As a member of the American Physical Therapy Association, I am writing to express my deep concern regarding proposed NCCI PTP edits that become effective January 1, 2020. Physical therapists play a unique role in society in prevention, wellness, fitness, health promotion, and management of disease and disability by serving as a dynamic bridge between health and health services delivery for individuals across the age span. While physical therapists are experts in rehabilitation and habilitation, they also have the expertise and the opportunity to help individuals improve overall health and prevent the need for avoidable health care services. Physical therapists’ roles may include education, direct intervention, research, advocacy, and collaborative consultation. These roles are essential to the profession’s vision of transforming society by optimizing movement to improve the human experience.
CMS developed the NCCI to prevent inappropriate payment of services that should not be reported together. One function of NCCI PTP edits is to prevent payment for codes that report overlapping services except in those instances where the services are separate and distinct.
Physical therapists currently are challenged in the appropriate delivery of care by three existing problematic edits. The American Physical Therapy Association has requested reconsideration of these edits in order to ensure that patients are able to receive necessary services during a single treatment session.
97530 97116 Mutually Exclusive
97530 97113 Mutually Exclusive
97140 97530 Mutually Exclusive
In addition to the above edits, the January 1, 2020, NCCI PTP edit file includes new edits that will further limit appropriate care and are inconsistent with the edit model:
CPT codes 97150 and 97530 are now listed as a column one code with all the physical therapy and occupational therapy evaluation and reevaluation codes (97161-97168) and are not permitted to be billed on the same day as a physical or occupational therapy evaluation.
Additionally, there is a new edit requiring a modifier 59 for CPT 97140 when billed with a physical therapy or occupational therapy evaluation.
The above edits conflict with current CMS policy. As stated in Chapter 15 of the Medicare Benefit Policy Manual, “The evaluation and treatment may occur and are both billable either on the same day or at subsequent visits. It is appropriate that treatment begins when a plan is established.”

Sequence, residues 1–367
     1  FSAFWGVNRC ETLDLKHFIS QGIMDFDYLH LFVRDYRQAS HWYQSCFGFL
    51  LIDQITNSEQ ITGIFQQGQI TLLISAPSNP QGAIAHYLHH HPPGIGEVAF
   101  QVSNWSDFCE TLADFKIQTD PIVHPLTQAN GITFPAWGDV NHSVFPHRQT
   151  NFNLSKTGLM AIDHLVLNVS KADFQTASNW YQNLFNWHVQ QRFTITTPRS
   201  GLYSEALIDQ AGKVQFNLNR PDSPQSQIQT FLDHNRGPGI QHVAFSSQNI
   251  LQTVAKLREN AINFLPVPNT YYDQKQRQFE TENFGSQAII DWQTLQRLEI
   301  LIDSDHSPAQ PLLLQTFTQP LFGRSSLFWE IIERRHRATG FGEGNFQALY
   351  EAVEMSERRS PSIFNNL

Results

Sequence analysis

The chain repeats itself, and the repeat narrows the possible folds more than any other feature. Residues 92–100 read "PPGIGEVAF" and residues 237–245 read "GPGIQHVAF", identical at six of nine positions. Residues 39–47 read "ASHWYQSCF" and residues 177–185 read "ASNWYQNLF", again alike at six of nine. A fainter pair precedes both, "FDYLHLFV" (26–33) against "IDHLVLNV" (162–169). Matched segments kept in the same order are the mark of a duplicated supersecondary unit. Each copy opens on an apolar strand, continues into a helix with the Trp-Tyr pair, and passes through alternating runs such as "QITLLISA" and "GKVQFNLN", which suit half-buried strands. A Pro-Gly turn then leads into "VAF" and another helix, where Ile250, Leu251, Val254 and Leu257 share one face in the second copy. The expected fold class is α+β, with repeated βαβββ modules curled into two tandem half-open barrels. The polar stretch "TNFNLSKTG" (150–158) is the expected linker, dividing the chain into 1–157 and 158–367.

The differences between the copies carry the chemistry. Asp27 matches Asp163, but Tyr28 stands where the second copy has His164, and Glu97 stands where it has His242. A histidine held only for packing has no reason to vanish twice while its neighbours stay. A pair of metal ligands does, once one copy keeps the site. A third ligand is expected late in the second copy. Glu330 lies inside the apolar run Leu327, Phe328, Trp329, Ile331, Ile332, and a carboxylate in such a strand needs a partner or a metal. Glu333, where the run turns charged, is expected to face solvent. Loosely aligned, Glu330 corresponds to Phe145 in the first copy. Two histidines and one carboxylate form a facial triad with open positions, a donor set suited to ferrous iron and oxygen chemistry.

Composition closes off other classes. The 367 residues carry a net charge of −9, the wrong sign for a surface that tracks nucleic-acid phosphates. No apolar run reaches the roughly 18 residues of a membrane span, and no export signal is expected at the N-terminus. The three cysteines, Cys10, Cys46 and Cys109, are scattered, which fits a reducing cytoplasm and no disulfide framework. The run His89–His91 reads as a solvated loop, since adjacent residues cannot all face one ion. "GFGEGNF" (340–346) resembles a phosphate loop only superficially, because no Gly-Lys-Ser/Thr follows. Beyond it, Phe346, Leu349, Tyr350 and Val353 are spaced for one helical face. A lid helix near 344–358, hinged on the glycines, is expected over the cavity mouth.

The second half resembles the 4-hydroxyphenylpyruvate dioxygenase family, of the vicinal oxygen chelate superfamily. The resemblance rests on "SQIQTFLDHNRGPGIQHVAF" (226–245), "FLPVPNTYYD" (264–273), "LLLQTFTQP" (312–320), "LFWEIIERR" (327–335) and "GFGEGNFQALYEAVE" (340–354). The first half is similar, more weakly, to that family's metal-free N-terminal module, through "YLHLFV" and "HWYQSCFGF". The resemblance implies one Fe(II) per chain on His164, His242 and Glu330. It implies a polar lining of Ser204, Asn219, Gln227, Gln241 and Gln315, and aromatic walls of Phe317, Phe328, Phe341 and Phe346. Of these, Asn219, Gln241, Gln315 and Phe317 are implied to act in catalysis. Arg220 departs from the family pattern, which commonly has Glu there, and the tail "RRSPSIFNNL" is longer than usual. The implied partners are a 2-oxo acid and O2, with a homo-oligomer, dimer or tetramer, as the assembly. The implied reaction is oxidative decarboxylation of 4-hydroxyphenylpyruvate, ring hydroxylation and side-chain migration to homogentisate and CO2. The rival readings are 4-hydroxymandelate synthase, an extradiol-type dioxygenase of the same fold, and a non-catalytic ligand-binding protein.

Standard physical therapist practice includes the initiation of care on the same day as an evaluation and the provision of care on the same day as a reevaluation whenever possible. Physical therapists identify the issues or conditions requiring treatment during the examination/evaluation and work to implement treatment at the same time. Given the very limited number of physical therapy sessions available to a patient, each visit with a physical therapist must be maximized to ensure that the patient has the best opportunity for recovery. Patients who present with pain, fall risk, mobility issues, challenges performing activities of daily living, or the inability to execute their employment-related tasks require immediate intervention. Any delays in care can negatively impact the ultimate outcome of care.
The edits identified in the new edit tables restrict access to care and ultimately reduce the opportunity for patients to achieve the best outcomes. What’s more, there is no indication from CMS, practitioners, or patients that the absence of these edits has led to the misappropriation of care and/or undue reimbursement.
I have significant concerns that the new edits fail to align with the current practice of care and will cause undue hardship on Medicare providers and beneficiaries. In an effort to limit the administrative and financial burden on Medicare beneficiaries as well as on Medicare providers, and to better support the effective and efficient treatment of a patient’s condition, avoid delay of a meaningful intervention, and prevent the need for an otherwise unnecessary follow-up visit, I strongly recommend that Capitol Bridge, LLC and CMS remove the proposed edits described above.